At the mid and upper range of the Epiphone Les Paul range, most guitars retain practically all of the other essential Les Paul features -- two humbucking or P90 single coil pickups, two volume and two tone controls, a three-way selector switch, body and neck binding, 24.75" scale length and a fat rich sound with loads of sustain.
In addition to such long-running models as the Les Paul Standard, Studio and Custom, Epiphone has also released various artist signature and limited edition Les Paul models over the years.
Most gear has a serial number, either printed on a label inside it or stamped into the headstock or neck plate.
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Several Epiphone Les Paul models are very close to the classic Gibson models upon which they are based, while other models are designed with different features to keep the entry price low for students and budget-minded players.
For example, some Epiphone Les Paul models use bolt-on neck construction and "slab" bodies which are generally less expensive to manufacture, while others stick with tradition and have arched maple tops and glued-in necks like their high-end Gibson counterparts.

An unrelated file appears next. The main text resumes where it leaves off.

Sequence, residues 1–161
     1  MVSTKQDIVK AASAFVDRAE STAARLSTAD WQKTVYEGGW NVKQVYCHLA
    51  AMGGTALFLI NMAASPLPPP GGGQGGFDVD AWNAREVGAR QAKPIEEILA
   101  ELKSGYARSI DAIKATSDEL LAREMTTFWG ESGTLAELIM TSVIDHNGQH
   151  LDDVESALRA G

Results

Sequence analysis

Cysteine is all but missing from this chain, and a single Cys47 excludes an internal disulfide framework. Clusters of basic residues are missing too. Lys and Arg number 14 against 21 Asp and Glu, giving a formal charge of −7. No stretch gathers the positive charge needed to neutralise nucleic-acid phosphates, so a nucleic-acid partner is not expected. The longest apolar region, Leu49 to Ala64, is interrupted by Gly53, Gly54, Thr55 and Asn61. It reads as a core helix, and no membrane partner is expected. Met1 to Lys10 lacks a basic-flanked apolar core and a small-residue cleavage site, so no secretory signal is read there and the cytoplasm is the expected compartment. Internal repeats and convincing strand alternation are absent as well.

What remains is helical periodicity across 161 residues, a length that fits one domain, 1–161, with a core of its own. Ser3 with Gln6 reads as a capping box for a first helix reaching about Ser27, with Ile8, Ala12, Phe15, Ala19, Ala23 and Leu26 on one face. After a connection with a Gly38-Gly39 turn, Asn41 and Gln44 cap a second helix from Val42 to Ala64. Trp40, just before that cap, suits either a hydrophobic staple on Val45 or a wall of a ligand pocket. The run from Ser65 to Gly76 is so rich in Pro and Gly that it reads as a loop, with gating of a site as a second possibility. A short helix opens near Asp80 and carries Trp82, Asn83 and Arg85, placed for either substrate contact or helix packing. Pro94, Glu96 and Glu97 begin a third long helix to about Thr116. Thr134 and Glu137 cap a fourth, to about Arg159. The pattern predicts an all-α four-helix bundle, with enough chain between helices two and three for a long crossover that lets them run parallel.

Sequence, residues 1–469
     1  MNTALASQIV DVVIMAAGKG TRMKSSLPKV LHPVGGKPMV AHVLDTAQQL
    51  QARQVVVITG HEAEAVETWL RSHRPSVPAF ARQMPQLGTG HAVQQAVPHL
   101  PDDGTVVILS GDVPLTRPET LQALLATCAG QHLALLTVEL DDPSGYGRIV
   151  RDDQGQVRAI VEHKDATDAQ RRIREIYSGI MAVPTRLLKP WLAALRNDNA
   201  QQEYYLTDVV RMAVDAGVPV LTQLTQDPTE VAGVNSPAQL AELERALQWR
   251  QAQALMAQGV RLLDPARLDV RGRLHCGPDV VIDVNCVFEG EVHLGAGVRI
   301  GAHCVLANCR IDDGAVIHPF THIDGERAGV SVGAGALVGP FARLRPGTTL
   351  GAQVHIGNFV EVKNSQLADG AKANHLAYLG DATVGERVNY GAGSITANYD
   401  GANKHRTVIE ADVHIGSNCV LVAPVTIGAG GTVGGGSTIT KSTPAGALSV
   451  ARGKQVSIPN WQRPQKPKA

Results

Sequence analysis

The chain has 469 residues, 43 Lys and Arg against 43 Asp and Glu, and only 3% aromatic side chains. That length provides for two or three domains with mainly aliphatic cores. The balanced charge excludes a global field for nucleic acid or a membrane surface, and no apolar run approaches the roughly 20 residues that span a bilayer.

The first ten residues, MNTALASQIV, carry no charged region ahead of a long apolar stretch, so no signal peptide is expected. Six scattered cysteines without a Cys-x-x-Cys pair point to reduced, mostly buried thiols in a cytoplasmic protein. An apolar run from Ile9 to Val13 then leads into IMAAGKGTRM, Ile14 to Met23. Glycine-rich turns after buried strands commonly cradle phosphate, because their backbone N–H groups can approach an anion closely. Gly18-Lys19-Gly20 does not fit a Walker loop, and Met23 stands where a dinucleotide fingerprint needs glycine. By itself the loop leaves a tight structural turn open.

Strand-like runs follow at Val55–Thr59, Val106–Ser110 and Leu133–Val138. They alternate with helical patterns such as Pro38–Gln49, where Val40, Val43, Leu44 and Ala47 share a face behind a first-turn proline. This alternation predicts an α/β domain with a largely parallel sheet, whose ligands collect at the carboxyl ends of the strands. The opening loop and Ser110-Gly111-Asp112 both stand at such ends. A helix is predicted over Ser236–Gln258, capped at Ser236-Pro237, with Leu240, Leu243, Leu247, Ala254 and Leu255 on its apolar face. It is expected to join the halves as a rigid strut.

We base our price estimates on real world transactions and record them in our entries so you can see what your instrument has sold for in the past.
Named after the founding father of Gibson guitars, Orville H.
Dating back to 1873 and once a major rival of Gibson, the Epiphone company and brand were purchased by Gibson's parent company in 1957.
Originally the Epiphone models were made in the same factory as the Gibson guitars, by the same craftspeople using the same materials and often with the same features as Gibson models, but manufacturing of most of the Epiphone instruments was switched to Asia sometime around 1969.
Yamano Gakki decided to go with a different name for this expanded line of guitars, that were designed in the exact form of the most valuable and sought-afterclassic Gibson guitars.